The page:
Friday, May 15th, San Isidro in Nerja. Clear skies, sunny with a slight breeze, hot but not uncomfortably or unbearably so.
Having ridden on horseback a few times in the parade, sat on the back of a float once and walked the entire procession route on numerous occasions, time for something different. The bus.
Well, to be honest, it wasn’t exactly a choice, more a case of need. Running a little behind schedule, I didn’t fancy sprinting up the hill in the heat in an effort to catch the tail of the snake.
There seemed to be far more people ‘settled in’ along the route this year as opposed to people just standing and watching. Family gatherings, with tables full of food and drink and people taking their little chairs were the order of the day. The Nerja Club Hotel and Los Arcos put on barbecues and both were packed out.
This year was the first time that participants were handed a printed list of rules, regulations and guidelines. Recipe for disaster. By all accounts, after handing out these leaflets, the local police seemed to think their job was done and there were one or two minor snafu’s.
The ox carts were at the front of the procession this time, normally it is the horses. The oxen, although magnificent beasts, are not amongst the swiftest animals on the planet, probably just ahead of the snail, and, not being given a head start (like a day!), there were frequent stops and long periods of waiting.
On the subject of animals, there were a lot less horses and oxen this year, maybe fifty percent less than normal. Not that it had much effect, the procession still took about three hours to pass by. When the head of the snake arrived at the caves, the tail was still between the Parador and Burriana roundabouts.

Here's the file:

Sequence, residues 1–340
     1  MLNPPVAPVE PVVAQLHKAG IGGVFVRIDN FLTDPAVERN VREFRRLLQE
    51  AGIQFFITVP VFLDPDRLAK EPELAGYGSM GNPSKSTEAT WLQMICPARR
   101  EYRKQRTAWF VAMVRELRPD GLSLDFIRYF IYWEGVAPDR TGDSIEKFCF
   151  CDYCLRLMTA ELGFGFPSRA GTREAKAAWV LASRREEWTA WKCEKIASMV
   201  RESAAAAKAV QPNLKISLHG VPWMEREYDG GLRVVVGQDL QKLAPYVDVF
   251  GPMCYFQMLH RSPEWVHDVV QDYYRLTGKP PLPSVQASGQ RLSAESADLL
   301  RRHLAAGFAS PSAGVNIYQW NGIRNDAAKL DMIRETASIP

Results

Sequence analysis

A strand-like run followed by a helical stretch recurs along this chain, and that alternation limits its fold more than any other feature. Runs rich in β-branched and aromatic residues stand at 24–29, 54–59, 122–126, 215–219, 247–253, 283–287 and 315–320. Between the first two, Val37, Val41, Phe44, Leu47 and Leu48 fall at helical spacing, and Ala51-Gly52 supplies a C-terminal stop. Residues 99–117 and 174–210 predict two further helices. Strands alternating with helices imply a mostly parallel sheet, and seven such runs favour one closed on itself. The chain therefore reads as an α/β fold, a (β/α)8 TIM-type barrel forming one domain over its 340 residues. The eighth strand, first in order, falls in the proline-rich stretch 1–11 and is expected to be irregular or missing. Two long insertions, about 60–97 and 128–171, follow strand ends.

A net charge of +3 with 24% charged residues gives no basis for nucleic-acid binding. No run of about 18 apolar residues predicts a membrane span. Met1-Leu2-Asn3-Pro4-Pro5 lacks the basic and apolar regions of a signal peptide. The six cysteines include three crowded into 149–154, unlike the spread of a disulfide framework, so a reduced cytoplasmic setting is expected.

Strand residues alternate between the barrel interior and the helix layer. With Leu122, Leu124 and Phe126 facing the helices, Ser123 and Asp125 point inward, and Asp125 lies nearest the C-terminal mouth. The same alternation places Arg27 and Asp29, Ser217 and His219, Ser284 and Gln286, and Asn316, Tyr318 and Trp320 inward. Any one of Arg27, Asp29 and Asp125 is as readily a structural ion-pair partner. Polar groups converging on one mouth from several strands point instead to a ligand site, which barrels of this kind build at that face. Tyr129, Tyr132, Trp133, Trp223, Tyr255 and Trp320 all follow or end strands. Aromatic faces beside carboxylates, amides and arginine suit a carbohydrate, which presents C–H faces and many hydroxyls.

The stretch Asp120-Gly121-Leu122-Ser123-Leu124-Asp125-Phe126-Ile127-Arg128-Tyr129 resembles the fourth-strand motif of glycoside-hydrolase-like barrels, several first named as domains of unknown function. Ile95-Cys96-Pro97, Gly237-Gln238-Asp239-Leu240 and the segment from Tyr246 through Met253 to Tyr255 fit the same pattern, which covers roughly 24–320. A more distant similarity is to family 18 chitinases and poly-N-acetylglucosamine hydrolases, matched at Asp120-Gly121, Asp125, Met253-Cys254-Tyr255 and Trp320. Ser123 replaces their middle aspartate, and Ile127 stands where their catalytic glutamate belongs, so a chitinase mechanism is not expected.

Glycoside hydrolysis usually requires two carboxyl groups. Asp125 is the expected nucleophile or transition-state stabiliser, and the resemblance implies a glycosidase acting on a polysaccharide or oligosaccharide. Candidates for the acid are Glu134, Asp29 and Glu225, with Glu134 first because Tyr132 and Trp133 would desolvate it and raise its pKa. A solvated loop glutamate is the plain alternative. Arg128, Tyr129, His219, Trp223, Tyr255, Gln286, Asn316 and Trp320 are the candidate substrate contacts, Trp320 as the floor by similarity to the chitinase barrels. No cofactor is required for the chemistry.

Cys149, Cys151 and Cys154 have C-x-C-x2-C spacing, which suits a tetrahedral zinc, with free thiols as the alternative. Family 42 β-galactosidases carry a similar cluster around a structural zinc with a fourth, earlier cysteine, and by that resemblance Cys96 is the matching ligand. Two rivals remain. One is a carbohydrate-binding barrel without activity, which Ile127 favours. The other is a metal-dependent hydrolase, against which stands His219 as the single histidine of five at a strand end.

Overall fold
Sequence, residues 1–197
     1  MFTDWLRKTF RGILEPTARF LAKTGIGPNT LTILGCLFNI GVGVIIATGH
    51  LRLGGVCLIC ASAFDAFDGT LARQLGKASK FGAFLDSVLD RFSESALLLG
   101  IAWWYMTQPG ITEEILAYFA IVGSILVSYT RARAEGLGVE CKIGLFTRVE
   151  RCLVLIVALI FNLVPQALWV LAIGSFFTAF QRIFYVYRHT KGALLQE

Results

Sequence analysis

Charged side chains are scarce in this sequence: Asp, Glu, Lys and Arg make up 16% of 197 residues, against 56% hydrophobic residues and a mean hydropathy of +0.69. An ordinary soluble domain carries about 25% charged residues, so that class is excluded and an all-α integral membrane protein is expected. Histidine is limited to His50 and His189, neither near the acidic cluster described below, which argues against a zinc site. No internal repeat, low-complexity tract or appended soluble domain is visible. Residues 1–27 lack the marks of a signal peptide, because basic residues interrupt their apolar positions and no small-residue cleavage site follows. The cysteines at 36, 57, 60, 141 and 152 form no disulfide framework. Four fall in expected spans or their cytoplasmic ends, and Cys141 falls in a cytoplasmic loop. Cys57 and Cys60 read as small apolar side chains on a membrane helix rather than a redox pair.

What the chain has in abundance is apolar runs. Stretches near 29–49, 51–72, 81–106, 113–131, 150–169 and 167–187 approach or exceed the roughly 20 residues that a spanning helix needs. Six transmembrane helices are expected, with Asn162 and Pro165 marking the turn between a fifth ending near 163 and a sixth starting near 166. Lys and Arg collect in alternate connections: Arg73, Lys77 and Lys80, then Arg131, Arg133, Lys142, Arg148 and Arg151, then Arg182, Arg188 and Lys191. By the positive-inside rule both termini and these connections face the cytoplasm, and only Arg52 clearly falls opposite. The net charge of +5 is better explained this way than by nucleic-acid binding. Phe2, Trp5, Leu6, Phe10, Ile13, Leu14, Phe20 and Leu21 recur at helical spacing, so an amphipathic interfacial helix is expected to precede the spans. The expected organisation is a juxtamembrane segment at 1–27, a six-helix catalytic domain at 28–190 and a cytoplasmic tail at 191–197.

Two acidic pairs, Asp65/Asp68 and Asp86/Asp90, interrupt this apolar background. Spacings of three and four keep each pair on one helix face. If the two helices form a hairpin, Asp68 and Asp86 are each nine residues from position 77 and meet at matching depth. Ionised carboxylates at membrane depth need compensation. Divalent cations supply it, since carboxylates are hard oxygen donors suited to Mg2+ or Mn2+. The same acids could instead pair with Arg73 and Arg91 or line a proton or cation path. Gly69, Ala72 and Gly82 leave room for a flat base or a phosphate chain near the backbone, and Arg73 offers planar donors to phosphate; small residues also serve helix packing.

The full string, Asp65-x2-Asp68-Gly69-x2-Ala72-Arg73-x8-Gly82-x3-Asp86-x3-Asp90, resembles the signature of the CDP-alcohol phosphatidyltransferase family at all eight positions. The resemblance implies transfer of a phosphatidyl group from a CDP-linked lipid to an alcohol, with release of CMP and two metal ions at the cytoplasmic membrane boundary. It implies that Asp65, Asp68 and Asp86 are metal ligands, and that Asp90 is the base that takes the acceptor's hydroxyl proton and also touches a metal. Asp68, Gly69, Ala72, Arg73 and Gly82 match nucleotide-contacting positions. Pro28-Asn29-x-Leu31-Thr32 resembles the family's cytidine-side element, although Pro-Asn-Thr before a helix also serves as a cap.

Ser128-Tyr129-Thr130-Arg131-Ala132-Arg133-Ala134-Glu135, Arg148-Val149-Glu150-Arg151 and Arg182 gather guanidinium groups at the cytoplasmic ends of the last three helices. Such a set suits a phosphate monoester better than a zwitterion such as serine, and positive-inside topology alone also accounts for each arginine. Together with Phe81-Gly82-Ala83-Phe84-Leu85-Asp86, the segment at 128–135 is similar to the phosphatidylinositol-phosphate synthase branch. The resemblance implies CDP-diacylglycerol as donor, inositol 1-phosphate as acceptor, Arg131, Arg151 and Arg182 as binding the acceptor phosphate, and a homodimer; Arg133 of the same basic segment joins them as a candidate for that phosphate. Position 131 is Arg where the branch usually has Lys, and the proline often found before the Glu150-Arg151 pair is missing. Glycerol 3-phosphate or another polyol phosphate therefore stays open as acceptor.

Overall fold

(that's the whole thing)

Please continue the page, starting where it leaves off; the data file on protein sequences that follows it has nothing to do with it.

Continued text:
Ironic, by the way, that on the day that the new safety regulations came into force for motorcyclists, regarding helmets, it was a day when the majority of drivers in the procession had one hand on the steering wheel and the other on their glass of beer or rum and coke.
Arriving at the caves, I waited for the first arrivals, and it didn’t take too long. A few horsemen had managed to get past the oxen and cantered up the hill, much to the delight of the waiting crowd. There’s always someone showing off.
And so the party got into full swing. There were barbecues and picnics all over the place, plenty of food stalls and, naturally, plenty of liquid refreshment available.
Both of the main political parties had their bars. The IU, you may remember, were allocated an unsuitable corner full of pine trees and, rather miffed by what they considered to be discrimination, didn’t participate.
Incidentally, if attendance in these bars was any sort of indication of voting preferences, I’d say the PP are in for another term, but without an overall majority, and the IU, as they were at the site, will be nowhere to be seen.
The dance floors were heaving (as were a few of the dancers on occasion!), the music was pumping out and everyone was having a great time. Just the way it should be.
There was quite a heavy police presence in the evening, keeping an eye on things, and succeeding in preventing any ‘over exuberance’. A couple of minor incidents, but nothing a stomach pump or a couple of stitches couldn’t cure so you would have to say it was trouble-free, which is not always the case elsewhere these days.
On the way back, by bus again, even the driver was into the full swing of ‘fiesta’, laughing and joking with passengers, babbling at thirty to the dozen and joining in the spirit when a Spanish guy took take to the aisle and performed the ‘airhostess routine’.
Must say, a great fiesta, one of the best on the calendar as usual….More Pictures….